Vancouver Centennial Plaque #25 – Stevens’ Folly


1803 Stewart Street


Pacific Grain Elevator #3


Missing (demolished in 2020)



To coincide with the completion of the Panama Canal in 1914, H.H. Stevens, M.P. initiated and promoted the construction of Dominion No. 1 grain elevator. Because World War I and a recession delayed the first bulk shipment until 1921 the elevator was dubbed Stevens' Folly.”

Credit: Vancouver Centennial Commission, Historic Plaque Program – list and documentation plaques 1-49 (June 18, 1986). Courtesy of Vancouver Archives


Henry Herbert Stevens was the MP for Vancouver City and, with the completion of the Panama Canal in 1914, he thought that the city could become a vital port for Canadian grain. However, there were no facilities to handle the predicted huge volumes, so he persuaded the federal government to build Vancouver’s first grain elevator.

Construction of Dominion No.1 cost $1,750,000 (almost $48,000,000 today), but the war and recession meant that it wasn’t used for eight years, which led to the “Stevens’ Folly” name. In 1921, it loaded a shipment of wheat onto an American steamship – the first step to Vancouver becoming a world-class shipping port. Private companies began building their own grain elevators on both sides of Burrard Inlet.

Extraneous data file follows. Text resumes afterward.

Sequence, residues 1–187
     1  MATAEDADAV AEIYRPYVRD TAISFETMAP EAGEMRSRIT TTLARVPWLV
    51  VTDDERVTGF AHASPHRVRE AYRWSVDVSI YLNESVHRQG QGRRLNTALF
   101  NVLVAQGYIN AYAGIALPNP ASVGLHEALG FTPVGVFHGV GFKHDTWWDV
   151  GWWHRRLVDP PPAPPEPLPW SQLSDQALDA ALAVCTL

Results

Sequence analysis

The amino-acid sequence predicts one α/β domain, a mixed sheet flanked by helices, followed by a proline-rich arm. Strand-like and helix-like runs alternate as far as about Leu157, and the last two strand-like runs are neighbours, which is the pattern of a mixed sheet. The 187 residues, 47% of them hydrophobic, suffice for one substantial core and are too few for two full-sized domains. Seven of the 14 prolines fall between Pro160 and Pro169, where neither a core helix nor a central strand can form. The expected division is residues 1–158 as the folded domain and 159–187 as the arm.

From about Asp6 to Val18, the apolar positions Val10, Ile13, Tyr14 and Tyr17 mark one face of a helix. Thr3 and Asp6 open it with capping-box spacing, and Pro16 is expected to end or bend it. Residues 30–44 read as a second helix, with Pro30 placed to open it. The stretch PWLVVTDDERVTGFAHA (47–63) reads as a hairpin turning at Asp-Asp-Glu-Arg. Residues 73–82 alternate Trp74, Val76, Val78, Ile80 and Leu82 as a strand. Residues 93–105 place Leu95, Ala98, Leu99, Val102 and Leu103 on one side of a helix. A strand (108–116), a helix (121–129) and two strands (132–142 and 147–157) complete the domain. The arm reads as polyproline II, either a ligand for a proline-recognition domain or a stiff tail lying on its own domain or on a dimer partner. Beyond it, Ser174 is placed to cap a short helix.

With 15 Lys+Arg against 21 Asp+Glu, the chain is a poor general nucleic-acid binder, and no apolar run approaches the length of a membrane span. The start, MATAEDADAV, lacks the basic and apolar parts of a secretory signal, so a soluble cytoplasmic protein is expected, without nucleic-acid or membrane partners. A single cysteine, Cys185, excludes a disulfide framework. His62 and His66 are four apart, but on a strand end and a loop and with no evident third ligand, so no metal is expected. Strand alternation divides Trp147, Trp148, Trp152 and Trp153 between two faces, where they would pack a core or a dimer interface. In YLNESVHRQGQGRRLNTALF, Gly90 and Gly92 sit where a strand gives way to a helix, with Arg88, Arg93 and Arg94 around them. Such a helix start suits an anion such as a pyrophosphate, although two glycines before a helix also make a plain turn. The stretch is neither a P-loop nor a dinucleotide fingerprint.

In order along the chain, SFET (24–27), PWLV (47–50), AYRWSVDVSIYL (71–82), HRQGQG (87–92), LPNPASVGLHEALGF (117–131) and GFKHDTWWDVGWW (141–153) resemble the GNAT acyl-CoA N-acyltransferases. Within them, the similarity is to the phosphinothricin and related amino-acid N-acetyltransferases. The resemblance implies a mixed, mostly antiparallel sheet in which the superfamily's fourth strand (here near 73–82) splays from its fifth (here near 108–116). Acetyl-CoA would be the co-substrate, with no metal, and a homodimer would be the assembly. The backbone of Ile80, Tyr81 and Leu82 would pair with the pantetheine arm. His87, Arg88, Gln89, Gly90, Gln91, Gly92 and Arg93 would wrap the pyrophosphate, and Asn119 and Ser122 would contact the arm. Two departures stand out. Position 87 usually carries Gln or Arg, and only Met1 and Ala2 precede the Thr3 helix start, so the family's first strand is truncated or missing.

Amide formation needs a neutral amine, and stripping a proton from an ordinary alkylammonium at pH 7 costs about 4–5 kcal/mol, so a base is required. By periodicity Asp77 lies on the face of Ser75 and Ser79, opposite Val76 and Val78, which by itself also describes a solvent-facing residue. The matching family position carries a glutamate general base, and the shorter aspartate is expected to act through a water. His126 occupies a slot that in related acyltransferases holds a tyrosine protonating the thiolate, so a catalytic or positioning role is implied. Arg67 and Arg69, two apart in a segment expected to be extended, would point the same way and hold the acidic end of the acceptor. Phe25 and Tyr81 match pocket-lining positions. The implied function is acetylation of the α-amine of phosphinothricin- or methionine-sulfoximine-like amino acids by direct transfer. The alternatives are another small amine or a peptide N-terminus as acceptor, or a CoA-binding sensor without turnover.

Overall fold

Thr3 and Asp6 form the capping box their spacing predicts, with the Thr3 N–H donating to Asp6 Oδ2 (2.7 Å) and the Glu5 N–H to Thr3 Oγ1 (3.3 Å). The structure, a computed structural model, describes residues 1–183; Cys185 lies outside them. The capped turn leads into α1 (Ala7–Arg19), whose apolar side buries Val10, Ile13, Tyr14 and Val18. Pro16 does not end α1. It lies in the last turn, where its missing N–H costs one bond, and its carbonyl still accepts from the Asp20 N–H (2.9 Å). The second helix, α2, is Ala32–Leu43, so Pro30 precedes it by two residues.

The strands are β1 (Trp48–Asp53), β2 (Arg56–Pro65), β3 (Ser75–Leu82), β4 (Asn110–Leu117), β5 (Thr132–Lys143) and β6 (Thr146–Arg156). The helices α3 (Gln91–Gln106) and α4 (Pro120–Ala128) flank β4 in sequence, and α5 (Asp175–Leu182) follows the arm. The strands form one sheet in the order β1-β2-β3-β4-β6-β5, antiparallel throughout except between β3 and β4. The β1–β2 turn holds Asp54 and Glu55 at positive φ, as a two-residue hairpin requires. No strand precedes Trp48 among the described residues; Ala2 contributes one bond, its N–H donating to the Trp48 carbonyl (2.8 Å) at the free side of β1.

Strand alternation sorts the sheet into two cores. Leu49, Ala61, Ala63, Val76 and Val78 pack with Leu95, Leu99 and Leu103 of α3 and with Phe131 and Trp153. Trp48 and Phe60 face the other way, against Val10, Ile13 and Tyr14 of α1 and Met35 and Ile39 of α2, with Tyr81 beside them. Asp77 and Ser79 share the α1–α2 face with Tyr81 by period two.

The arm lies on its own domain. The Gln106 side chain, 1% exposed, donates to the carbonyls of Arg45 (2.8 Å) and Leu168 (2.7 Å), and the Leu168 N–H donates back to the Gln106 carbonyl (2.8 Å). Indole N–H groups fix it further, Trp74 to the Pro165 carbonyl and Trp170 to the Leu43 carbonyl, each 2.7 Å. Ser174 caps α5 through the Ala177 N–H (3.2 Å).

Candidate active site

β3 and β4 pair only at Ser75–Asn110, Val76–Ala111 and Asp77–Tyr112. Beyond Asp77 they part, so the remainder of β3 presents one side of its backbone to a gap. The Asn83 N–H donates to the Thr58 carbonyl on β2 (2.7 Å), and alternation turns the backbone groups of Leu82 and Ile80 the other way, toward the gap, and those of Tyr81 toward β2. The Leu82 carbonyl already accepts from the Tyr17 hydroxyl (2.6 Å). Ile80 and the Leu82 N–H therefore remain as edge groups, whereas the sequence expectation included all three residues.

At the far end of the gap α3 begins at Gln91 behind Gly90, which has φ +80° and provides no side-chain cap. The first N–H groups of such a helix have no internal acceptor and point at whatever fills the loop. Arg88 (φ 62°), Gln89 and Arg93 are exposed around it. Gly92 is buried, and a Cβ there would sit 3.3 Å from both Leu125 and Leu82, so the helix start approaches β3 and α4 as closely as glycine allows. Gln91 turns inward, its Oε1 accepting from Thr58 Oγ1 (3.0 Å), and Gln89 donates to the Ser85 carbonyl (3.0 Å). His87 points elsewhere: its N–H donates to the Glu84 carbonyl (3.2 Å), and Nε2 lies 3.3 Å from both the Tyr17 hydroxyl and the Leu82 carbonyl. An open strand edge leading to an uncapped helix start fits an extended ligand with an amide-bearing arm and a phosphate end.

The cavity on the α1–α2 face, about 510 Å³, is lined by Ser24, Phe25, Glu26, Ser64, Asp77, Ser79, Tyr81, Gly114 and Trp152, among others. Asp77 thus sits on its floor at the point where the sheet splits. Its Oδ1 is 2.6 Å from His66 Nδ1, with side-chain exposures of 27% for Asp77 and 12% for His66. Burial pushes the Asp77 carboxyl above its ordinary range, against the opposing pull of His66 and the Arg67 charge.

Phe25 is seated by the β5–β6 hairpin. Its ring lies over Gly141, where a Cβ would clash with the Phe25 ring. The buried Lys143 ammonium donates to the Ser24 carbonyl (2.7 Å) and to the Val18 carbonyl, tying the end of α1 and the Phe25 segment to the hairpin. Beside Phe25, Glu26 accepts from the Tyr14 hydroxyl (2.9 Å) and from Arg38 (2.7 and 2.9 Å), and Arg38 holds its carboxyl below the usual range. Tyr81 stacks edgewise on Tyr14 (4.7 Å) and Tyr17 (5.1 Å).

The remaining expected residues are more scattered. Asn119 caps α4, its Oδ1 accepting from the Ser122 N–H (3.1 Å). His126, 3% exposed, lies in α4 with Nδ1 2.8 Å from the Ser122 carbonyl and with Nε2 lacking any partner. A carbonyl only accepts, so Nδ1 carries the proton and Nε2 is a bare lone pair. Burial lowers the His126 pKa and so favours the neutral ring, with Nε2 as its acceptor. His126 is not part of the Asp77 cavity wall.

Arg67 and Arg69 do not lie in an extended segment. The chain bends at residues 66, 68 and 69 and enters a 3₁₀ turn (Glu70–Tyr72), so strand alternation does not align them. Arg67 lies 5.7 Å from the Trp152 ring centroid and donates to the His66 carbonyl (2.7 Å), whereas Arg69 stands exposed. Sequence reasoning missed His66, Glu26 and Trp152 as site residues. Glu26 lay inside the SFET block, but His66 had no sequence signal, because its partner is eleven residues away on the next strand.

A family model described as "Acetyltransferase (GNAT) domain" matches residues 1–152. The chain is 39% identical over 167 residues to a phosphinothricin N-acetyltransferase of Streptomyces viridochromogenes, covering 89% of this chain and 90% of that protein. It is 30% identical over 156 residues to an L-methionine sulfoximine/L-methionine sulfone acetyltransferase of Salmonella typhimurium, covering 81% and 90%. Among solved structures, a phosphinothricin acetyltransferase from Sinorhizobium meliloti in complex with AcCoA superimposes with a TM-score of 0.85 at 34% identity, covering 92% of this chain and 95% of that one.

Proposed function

HH Stevens was an MP from 1911 to 1940. He was anti-immigration and actively involved in the Komagata Maru incident (to be discussed later).

This plaque was installed beside Pacific Grain Elevator #3, but the structure was demolished in 2020 and the street is for port traffic only, so it’s unlikely to still be in place.

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